The combination of amantadine and oseltamivir therapy was shown to reduce the emergence of drug-resistant influenza variants in vitro [67]. Drug-resistant mutations occurred when amantadine and oseltamivir were used in monotherapy, but such mutations were not observed when they were used as combination therapy. Virus production was also reduced when combination therapy was used. In a murine model, the combination of amantadine and oseltamivir therapy provided a higher survivability than monotherapy against the H5N1 influenza virus [68]. Another study also demonstrated that the combination of amantadine and oseltamivir provided 50-60% more protection against H3N2 and H1N1 viruses in vivo [69].

The combination of NA inhibitors (zanamivir, oseltamivir and peramivir) and rimantadine was tested against H1N1 and H3N2 influenza virus isolates [70]. There was a significant reduction in viral production in the combination model compared to when each drug was used alone. Peramivir was the most potent among the NA inhibitors; it required a 10-fold lower dose to produce the same inhibitory effect compared to oseltamivir or zanamivir. There was a synergistic effect when rimantadine was combined with zanamivir, oseltamivir or peramivir in cell culture, but antagonism was also observed at certain drug concentrations [70].

The effect of double combinations of amantadine, oseltamivir and ribavirin on H5N1 influenza virus was tested in mice [71, 72]. The combinations of oseltamivir-ribavirin and amantadine-ribavirin showed an improvement in survival compared to monotherapy with either one of these agents in an amantadine-sensitive virus. Amantadine-oseltamivir, amantadine-ribavirin and oseltamivir-ribavirin combinations showed improvement in body weight and survivability compared to monotherapy. The treatment of an amantadine-resistant virus infection with amantadine-oseltamivir or amantadine-ribavirin was no more beneficial than oseltamivir or ribavirin alone. There was a significant reduction in mortality with oseltamivir-ribavirin treatment of the amantadine-resistant virus infection [71]. Oseltamivir-ribavirin combination treatment also prevented the spread of H5N1 influenza virus to mouse organs as well as a decreased viral load [72].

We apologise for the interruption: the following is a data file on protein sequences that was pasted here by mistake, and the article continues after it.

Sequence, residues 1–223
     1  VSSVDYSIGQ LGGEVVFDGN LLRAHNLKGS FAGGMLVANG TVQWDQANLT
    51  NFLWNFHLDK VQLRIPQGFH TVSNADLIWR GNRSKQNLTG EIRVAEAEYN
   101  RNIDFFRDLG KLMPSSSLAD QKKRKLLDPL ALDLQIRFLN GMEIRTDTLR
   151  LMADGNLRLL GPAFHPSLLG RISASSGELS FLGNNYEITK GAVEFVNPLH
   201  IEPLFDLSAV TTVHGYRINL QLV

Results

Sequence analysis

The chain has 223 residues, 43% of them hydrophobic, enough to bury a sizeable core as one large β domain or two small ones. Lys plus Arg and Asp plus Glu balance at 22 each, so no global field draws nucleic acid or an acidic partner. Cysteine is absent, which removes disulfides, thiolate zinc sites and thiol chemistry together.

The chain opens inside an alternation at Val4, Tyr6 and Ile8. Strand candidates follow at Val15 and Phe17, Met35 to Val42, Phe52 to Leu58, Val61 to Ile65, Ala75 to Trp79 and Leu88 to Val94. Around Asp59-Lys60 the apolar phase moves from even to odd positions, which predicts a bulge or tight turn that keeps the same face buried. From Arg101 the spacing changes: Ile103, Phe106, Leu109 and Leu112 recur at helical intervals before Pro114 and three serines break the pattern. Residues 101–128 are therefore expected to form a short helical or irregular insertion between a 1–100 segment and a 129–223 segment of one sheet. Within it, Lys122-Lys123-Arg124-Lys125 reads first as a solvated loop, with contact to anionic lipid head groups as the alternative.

As we witnessed the antigenic shift of influenza viruses from H3N2 to a novel H1N1 strain in 2009, two recent advances (intranasal live attenuated influenza vaccine and NA inhibitors) have helped us to better prepare for the current pandemic. However, effective new treatments are seemingly elusive given the rapidly evolving nature of the influenza viruses that allows circumvention of current drug and vaccine interventions. Discovery and development of new antiviral compounds and treatment options for influenza viruses are therefore a critical priority in preparing clinicians and researchers to face the public health challenge posed by influenza viruses in the next decade.


We thank Matthew Arterburn, Connie Chin, Dale Tucker and Jessie Zeigler for their comments. We thank Jeremy Vinson for preparation of the figure. The authors declare no competing financial interests.

Authors Contribution(s)

MPSC wrote the sections on the basic science of influenza viruses and the origin of the novel 2009 H1N1 S-OIV. AC wrote the antiviral treatment options for influenza.


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Mario P.S. Chin Ph.D.
Scholar / Principal Investigator
Aaron Diamond AIDS Research Center
The Rockefeller University
New York, NY  10016

Annie Chin Pharm.D.
Clinical Pharmacist
Harper University Hospital
Detroit Medical Center
Detroit, MI 48201

Source(s) of Funding


Competing Interests

The authors declare no competing financial interests.